My article on protecting privacy on the Internet was published yesterday on The Next Web. You can read the original here or see just the text below. 7 Ways to Protect Your Privacy on the Internet By Morgan Slain, SplashData CEO
New research from Google has highlighted the risks many of us take when we quickly answer those ubiquitous security questions on websites after we create our passwords. These security questions and answers are especially important because they tend to be used
Good summary in Network World of a consumer password survey by mobile security company Telesign. Some key findings: About half of those responding to the 2,000-person online survey say their passwords are over five years old The study found that
Some good tips in this article on ATM card theft. “According to a recent FICO report, in the first five months of 2015, thieves have been installing skimming devices in ATM machines at breakneck speed and stealing significant numbers of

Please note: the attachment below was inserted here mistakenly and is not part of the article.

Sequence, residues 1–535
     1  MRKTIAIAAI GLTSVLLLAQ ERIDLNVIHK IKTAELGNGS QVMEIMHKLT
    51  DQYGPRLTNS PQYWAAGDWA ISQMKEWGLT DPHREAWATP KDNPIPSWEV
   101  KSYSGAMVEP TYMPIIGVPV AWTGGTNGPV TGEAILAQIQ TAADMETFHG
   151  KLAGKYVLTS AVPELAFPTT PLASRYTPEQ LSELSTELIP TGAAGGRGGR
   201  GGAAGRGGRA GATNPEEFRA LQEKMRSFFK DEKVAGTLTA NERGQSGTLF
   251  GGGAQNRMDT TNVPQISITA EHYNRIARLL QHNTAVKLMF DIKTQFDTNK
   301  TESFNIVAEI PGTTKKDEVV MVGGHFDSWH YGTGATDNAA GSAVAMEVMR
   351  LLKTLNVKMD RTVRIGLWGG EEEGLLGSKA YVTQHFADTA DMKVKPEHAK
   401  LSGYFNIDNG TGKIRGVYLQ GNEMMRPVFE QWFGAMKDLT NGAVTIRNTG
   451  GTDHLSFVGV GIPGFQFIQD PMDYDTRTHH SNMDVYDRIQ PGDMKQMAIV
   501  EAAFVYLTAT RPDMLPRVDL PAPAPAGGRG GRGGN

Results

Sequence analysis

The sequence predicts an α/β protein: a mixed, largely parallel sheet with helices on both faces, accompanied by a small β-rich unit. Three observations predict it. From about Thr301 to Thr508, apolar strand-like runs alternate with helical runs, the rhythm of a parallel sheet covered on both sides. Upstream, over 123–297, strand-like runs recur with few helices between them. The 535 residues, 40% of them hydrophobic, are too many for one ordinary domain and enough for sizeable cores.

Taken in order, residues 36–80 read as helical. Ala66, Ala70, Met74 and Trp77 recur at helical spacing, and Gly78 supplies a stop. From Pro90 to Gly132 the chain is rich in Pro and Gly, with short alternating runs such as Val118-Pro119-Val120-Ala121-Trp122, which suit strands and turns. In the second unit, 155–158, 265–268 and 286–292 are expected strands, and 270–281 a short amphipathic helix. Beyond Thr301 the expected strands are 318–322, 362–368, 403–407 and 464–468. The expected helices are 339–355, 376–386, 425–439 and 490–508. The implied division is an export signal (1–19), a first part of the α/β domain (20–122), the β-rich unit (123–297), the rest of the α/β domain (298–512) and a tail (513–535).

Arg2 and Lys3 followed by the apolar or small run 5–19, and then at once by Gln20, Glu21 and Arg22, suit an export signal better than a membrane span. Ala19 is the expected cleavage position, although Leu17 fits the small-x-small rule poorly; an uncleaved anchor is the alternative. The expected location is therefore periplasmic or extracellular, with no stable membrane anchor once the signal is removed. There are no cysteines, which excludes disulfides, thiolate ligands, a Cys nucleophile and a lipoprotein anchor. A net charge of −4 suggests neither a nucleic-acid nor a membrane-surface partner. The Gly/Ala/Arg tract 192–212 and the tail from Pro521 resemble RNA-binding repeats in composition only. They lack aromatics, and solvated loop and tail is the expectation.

Here are some quick takeaways about the recently reported hack into the IRS system: Over 100,000 tax returns stolen Attacks took place between February and mid-May 2015 Attackers used IRS’s “Get Transcript” system Motivation likely to claim fraudulent tax returns
According to a story from Wired UK, a well known jailbreaker named Comex has figured out how to get a browser running on an Apple Watch. No real details as of yet, but you can see video of it here.
If you own any LIFX smart bulb, go get a software update as soon as possible. Security researchers were able to hack into the bulbs to reveal the passwords on the local WiFi networks they were connected to.
SplashID Safe got a mention in a great NY Times article on how to share your sensitive data with loved ones once you pass on.
With all the hacking, spying, and general lack of online security these days, it’s good to know that SplashID Safe is protecting your logins and other sensitive records. But you can never be too safe, so we’re raising to bar with 2-Factor Authentication to protect you against unauthorized access of your SplashID data, even if someone discovers your username and password.
Since SplashID Cloud Services is run on Microsoft IIS servers, and not Linux or Unix servers, it does not employ the Open SSL library that contains the Heartbleed vulnerability. That said, this is a widely used library that will affect